EVE Online: Lifeblood

Of particular interest within EVE Online: Lifeblood is the plan to change moon mining from solely a passive activity to one which is more active. With the introduction of new player-owned structures known as refineries, players will now have the option to work together and actually be part of the mining process. According to the official update page, “…capsuleers will now be able to carry out moon mining operations directly via these structures, transforming the process from an entirely passive form of income into an active form of gameplay that promotes collaboration and conflict.” Also of merit is a rework of the UI and mechanics of reactions, with CCP promising that “…the new reactions system will bring a more coherent and clear process to the fingertips of both veteran and rookie industrialists.”

A number of new forms of PvE content are also in the works. The in-game pirate factions, the Guristas and the Blood Raiders, will begin conducting raids into the high-security regions of space within the game. Players will be able to combat these raids, as well as work together to destroy forward bases used by the pirates. Additionally, miners and combat pilots will now be able to work together, providing resources for the game’s four core factions. According to the website, “…capsuleers both young and old will be able to take part in collaborative gameplay with other capsuleers to assist their chosen empire with the release of EVE Online: Lifeblood.”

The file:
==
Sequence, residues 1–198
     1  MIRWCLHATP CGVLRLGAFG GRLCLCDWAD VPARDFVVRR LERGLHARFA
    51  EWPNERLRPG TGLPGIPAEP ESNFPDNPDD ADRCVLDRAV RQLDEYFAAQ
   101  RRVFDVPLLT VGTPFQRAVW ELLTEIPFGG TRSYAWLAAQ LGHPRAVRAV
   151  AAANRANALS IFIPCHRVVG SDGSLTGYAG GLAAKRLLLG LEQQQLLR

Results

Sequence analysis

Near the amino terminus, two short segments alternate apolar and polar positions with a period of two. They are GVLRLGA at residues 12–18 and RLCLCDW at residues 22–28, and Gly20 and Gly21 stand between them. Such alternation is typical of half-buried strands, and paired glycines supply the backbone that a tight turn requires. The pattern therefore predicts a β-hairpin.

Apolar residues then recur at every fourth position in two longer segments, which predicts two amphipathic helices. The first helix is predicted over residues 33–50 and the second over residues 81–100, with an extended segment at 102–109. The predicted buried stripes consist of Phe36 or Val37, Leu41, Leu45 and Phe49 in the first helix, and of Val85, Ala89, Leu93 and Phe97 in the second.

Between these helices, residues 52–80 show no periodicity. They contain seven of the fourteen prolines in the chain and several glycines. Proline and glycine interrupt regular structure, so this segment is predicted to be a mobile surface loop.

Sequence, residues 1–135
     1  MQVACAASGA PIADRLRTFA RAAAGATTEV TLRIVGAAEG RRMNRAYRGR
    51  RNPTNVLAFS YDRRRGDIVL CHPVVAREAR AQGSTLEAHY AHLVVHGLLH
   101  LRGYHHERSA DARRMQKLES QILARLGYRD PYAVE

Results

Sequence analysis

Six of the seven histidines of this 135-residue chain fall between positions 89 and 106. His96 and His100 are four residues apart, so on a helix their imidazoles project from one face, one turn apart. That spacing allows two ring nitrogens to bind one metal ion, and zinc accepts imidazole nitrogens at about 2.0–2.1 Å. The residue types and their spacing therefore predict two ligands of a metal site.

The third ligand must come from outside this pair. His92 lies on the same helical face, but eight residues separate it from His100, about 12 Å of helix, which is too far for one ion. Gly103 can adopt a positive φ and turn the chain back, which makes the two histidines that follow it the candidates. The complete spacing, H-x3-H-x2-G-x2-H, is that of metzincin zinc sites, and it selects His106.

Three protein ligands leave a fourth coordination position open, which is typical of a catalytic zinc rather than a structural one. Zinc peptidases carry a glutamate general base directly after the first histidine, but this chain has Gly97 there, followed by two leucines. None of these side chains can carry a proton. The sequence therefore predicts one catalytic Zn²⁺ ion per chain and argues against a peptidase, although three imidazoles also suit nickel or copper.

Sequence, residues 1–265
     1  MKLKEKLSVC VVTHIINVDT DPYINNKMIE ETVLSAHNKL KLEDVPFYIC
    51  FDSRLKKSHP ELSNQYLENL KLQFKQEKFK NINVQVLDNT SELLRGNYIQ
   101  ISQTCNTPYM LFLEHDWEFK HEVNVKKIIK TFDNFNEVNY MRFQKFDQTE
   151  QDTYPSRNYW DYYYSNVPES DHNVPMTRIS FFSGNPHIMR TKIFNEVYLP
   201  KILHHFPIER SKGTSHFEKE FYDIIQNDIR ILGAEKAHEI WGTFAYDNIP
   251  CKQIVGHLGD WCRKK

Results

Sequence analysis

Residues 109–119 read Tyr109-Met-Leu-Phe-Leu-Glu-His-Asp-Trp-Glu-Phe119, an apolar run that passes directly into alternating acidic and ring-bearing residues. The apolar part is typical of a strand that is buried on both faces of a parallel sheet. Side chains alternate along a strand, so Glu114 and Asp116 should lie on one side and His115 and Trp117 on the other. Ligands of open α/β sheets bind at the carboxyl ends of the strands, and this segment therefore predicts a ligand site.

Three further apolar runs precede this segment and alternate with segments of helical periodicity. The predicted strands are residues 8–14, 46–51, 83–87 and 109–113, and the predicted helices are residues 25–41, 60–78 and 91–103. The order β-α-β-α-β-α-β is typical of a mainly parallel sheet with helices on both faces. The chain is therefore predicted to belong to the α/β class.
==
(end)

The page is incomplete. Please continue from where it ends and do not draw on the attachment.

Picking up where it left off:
A handful of quality of life improvements are also planned.  A new mining ledger feature will allow players to keep track of how much ore they have mined, where, and when, as well as who, if anyone, is mining in their space. The games’ in-game The Agency feature will be updated and streamlined, to make it easier for players to find other players to group up with for various activities. And the hulls popular with Alpha (free to play) pilots will be on the receiving end of a number of balance passes. According to the website, these passes are intended to provide these ships (Frigate hulls) a “…little more punch” and are being made with the intention to “…shake up the combat meta a little, and provide new tactical options for these classes of hull.” And lastly, to celebrate the game’s upcoming 20th anniversary, players who purchase tickets to the yearly EVE Online conventions Fanfest 2017 or EVE Vegas 2017 will be awarded a special, limited edition CONCORD Marshal class Battleship.

Players and readers interested in learning more about EVE Online: Lifeblood should visit the official announcement page. They can also watch the official announcement video below:

Our Thoughts

As a former longtime EVE Online player, it is great to see changes being made at all levels of gameplay; the new PvE content will widen the range of activities for pilots who like to stay within hisec space, and the new industry changes will provide new activities for people mining moons and holding space. Also, and of course, I always love to see balance passes for frigates, being a die-hard frigate pilot myself.

Now, CCP, fix the Jag and the Wolf please, thanks.

Source: Official Website